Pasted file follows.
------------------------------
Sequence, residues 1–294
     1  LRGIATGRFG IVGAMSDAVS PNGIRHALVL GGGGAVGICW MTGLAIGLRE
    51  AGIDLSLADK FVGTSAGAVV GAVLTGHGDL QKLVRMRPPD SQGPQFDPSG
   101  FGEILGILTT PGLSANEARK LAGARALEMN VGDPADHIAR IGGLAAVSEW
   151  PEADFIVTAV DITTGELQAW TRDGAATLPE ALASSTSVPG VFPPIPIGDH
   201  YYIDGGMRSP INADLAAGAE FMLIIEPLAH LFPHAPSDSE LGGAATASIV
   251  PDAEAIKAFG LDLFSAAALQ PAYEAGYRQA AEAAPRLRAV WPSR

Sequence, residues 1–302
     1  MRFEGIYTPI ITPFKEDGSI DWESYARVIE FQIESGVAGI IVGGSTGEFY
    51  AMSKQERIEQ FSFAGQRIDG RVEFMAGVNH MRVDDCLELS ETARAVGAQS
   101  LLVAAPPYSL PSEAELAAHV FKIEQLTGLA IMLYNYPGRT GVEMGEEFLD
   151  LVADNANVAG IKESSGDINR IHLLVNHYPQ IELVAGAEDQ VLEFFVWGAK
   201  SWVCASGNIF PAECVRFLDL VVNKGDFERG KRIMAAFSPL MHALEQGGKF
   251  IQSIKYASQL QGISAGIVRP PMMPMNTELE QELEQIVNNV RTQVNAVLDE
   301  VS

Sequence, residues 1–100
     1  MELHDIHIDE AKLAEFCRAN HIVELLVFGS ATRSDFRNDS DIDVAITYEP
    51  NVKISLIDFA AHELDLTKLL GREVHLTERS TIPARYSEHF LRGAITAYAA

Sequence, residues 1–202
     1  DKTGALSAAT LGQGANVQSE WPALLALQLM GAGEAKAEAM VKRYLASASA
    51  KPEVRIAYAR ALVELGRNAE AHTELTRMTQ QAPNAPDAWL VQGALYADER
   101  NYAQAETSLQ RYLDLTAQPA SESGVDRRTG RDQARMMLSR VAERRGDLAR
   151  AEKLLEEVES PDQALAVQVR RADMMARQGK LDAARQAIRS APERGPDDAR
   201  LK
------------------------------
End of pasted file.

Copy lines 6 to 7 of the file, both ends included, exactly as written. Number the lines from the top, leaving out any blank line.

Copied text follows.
   201  YYIDGGMRSP INADLAAGAE FMLIIEPLAH LFPHAPSDSE LGGAATASIV
   251  PDAEAIKAFG LDLFSAAALQ PAYEAGYRQA AEAAPRLRAV WPSR